Located about 1,000 miles from the capital of Niger in Sub-Saharan Africa is a small town known as Maine-Soroa (Maine). In the 1960s, two Peace Corps volunteers, Bill and Barbara Kirker, found themselves in the isolated and poverty-stricken town of Maine, where most of the town’s 900 residents were living on less than $1 per day.
After noticing the lack of medical care in the area, the Kirkers decided to take action and build a hospital in Maine from the ground up. The Kirkers took on full-time residence in Maine and treated patients on a daily basis for the duration of their Peace Corps stint, remaining in Niger until a coup forced them to return to the U.S.
Fast forward to 2007 and the Kirkers were granted permission by government officials in Niger to return to Maine. Upon the Kirker’s arrival, they saw the need to expand the hospital they had originally built. In three years, the Kirkers expanded the hospital from 42 to 164 beds and established the Second Chance School, a primary school for children ages 8-13 who have not yet received an education. Currently, the Second Chance School has a 90% graduation rate of students passing their accelerated programs and entering into a traditional school system.
Bill and Barbara’s legacy has expanded far beyond Niger and the town of Maine. The couple inspired friends to start the nonprofit organization, KAMRA — the Kirker African Medical Relief Association — to support their activities in Maine, Niger and other parts of Africa. In order to facilitate KAMRA’s support in Maine, a group of Nigerian citizens established the Kirker Foundation in Niger.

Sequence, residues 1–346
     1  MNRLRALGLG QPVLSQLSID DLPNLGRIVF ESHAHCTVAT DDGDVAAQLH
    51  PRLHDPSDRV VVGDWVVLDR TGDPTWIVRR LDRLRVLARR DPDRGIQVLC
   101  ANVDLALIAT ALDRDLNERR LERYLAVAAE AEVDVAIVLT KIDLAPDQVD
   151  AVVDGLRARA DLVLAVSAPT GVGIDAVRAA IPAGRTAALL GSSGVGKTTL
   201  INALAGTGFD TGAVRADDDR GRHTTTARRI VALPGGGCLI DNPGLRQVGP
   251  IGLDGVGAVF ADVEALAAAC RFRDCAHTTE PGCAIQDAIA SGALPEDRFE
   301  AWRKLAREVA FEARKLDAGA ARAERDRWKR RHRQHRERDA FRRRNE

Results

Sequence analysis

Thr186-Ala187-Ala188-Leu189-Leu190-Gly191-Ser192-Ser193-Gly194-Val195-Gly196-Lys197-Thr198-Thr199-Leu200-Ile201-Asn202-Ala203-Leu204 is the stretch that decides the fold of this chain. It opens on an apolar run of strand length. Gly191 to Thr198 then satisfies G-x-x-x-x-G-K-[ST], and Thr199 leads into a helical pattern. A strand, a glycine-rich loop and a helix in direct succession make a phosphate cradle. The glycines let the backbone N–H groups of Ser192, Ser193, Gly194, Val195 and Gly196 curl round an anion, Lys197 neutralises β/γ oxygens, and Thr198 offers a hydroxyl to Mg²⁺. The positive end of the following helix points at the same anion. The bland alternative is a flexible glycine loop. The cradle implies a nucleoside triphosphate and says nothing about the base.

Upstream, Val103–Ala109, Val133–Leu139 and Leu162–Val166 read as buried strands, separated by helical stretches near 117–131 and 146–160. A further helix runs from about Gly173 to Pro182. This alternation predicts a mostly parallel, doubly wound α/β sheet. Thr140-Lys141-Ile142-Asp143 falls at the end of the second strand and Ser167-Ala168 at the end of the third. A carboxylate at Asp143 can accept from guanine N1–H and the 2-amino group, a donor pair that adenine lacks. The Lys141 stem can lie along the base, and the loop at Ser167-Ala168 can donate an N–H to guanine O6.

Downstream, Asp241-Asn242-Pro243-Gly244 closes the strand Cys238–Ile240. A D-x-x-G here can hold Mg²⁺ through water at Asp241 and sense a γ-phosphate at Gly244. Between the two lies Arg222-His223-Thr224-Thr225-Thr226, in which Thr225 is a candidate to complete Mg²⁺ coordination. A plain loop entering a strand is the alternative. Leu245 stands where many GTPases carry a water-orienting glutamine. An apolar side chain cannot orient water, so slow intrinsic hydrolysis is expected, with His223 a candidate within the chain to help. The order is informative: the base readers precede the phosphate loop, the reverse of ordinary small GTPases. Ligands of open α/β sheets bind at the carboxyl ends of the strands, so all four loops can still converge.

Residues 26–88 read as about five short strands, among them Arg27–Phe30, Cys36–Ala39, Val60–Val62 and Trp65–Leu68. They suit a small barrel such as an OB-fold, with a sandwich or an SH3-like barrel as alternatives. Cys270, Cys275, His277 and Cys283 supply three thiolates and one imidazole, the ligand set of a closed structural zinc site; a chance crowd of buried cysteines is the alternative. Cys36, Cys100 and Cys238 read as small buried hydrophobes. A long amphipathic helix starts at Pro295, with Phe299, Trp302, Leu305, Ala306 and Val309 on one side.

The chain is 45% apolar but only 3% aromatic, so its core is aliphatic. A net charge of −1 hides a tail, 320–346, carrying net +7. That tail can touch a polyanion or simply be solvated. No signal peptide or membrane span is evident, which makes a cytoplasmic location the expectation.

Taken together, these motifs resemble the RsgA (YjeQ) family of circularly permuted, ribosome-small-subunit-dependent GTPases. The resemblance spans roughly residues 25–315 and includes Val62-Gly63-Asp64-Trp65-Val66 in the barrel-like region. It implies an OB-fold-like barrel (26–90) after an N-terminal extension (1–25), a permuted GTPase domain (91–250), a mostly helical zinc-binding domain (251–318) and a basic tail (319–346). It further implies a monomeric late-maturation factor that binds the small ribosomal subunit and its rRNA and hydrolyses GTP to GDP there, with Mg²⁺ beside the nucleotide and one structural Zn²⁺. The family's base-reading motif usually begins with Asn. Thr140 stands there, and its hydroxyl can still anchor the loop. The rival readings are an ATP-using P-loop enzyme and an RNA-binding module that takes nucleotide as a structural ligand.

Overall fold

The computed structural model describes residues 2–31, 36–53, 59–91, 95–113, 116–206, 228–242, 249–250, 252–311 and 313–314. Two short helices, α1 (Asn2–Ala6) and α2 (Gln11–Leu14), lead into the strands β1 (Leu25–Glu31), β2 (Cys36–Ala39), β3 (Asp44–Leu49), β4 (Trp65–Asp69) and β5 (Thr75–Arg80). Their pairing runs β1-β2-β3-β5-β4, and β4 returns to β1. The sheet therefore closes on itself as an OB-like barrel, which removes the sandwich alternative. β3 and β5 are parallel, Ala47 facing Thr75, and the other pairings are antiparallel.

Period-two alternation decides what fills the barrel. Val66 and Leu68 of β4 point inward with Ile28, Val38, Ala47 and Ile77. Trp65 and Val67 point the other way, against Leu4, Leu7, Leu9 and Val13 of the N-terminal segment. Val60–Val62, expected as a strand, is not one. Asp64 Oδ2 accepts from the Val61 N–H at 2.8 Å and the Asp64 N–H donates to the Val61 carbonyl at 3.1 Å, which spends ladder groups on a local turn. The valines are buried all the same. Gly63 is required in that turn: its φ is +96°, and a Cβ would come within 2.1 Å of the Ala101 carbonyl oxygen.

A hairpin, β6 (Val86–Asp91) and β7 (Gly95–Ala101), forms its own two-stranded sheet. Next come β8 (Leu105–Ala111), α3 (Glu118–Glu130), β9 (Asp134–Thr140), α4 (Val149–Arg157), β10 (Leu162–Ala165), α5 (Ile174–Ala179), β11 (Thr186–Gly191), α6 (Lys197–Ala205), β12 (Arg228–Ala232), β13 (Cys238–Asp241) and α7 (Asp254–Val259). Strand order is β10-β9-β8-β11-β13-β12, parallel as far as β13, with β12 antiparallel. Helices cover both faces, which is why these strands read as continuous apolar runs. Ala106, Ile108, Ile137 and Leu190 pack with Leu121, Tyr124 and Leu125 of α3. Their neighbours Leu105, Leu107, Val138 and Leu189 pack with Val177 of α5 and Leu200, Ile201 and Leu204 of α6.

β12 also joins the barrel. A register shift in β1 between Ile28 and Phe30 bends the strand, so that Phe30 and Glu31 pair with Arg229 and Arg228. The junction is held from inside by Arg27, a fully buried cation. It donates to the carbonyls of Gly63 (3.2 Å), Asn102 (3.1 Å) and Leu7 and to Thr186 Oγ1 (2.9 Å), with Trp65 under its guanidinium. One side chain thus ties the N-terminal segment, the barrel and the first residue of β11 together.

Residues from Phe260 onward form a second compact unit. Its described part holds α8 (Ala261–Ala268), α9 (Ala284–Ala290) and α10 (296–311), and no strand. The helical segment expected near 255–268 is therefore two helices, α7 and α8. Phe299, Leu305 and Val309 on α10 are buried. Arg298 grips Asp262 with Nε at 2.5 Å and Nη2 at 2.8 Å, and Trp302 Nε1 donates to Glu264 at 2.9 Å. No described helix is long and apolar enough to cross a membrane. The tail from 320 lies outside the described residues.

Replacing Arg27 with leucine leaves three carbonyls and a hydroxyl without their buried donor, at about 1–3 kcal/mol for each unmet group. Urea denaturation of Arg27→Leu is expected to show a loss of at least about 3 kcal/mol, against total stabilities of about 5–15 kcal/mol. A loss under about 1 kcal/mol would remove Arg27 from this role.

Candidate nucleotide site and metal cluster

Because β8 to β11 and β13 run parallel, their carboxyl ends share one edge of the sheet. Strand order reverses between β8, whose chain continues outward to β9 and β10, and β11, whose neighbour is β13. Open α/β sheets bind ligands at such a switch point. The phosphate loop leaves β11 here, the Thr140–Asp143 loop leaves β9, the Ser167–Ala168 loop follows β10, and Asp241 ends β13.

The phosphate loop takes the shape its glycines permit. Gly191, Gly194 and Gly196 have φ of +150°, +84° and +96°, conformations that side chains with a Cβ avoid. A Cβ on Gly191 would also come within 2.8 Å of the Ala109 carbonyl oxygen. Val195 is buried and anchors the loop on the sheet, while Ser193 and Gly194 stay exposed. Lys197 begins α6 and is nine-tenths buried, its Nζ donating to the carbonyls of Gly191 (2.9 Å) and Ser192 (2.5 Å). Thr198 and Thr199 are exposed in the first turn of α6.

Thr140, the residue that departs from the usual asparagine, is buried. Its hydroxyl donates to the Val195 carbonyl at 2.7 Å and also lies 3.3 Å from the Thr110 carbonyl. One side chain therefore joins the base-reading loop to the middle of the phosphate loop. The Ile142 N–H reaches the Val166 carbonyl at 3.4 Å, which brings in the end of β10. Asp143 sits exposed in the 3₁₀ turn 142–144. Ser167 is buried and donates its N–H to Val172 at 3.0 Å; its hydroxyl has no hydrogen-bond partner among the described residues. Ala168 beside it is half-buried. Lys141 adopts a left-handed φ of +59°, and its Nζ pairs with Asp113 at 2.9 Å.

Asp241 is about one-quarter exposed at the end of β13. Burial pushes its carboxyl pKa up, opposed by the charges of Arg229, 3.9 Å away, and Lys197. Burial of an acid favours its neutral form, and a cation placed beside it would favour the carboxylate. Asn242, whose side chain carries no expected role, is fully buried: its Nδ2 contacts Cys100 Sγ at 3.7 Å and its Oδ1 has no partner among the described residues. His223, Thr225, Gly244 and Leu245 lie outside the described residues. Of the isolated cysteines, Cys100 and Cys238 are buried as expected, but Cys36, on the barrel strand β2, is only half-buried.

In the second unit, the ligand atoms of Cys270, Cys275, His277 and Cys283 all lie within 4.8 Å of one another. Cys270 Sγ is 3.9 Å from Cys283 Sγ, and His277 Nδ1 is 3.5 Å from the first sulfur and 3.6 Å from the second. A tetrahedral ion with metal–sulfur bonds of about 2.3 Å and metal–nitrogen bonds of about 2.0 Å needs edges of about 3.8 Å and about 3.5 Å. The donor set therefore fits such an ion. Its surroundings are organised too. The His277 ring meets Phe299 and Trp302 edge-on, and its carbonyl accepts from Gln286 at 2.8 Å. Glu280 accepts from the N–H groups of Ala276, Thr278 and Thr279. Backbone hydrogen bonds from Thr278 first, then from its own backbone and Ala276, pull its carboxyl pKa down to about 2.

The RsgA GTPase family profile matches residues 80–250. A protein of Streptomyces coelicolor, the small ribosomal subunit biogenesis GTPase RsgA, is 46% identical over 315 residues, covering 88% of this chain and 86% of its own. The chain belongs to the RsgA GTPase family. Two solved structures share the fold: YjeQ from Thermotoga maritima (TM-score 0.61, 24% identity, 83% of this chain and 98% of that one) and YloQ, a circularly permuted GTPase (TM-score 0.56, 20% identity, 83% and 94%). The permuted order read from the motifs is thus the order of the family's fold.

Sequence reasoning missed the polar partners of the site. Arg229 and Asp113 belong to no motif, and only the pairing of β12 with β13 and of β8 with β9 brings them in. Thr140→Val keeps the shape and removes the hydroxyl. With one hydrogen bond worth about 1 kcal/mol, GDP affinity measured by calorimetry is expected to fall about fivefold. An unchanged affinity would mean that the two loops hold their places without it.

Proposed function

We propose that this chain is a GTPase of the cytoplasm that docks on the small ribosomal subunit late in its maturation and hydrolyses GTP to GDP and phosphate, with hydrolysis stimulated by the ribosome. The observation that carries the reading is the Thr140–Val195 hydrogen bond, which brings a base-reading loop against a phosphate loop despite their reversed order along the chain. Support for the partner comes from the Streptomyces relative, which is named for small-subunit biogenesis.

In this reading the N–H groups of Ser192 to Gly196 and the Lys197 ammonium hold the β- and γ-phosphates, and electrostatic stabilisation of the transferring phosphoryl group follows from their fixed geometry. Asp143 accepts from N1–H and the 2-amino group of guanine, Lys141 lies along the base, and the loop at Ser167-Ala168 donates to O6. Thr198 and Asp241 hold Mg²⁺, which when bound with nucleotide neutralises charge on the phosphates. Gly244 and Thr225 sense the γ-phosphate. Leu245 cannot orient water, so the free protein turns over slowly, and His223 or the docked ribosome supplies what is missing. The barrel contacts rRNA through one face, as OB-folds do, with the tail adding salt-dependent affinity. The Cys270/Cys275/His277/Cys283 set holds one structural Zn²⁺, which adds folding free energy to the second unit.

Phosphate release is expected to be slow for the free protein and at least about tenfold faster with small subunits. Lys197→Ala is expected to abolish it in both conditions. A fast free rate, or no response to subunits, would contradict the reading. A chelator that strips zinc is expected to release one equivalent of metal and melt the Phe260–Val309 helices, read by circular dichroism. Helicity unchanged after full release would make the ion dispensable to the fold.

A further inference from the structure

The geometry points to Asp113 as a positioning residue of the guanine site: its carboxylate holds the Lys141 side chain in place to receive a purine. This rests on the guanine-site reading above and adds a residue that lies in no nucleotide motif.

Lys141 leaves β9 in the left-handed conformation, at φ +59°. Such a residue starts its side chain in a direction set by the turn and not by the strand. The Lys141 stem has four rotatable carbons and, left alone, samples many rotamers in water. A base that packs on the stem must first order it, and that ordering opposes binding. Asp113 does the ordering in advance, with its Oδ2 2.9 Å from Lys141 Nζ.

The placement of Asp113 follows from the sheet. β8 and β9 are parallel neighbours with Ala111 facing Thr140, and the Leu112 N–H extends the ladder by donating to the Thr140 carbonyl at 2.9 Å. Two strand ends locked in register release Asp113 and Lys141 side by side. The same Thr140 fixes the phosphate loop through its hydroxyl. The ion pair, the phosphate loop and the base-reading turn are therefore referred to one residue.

Aside from the compelling legacy that the Kirkers created is an exciting opportunity for Rise Against Hunger to provide emergency aid with our impact partner, MAP International, to the hospital and the Second Chance School. Maine is home to 20,000 residents and refugees. Most of the refugees are displaced from Nigeria in response to extreme violence brought on by Boko Haram, a terrorist group.
The hospital in Maine supports 26 clinics in the surrounding towns and sees roughly 200 outpatients each day. In response to the overwhelming need for aid in this area, Rise Against Hunger has sent a container of meals to the KAMRA/Kirker Foundation to be utilized in the hospital in Maine and for students in the Second Chance School. Patients at the hospital will also receive an extra meal for their caregiver who in most cases will stay with them during their entire hospital stint in response to the thinly stretched medical staff.
“My hope and fervent belief is that the Kirker Hospital will now be able, with the combination of MAP medicines and a daily Rise Against Hunger meal, to achieve ever-improving patient outcomes,” said Vincent Farley, president of KAMRA. “Maine is an isolated, forgotten place in the world, but it has some of the kindest people who have welcomed thousands of refugees.”
Currently, the container of meals and MAP medicines is in Niger, awaiting transportation to Maine. There are no formal roads from Niger to the town of Maine and the path is treacherous. As it stands, the meals will be distributed in the hospital since the Second Chance School is on summer break. Upon successful implementation, Rise Against Hunger will explore sending an additional container for the start of the school year. With the help of a volunteer trucker and money for fuel, Rise Against Hunger, MAP International, KAMRA and the Kirker Foundation, patiently await the much-needed arrival of aid.
Good news! Rise Against Hunger meals have made it all the way to Maine. The meals are being cooked in an outdoor kitchen and served to patients of the Kirker hospital. Currently, a kitchen is being built at the school for when students return from summer break.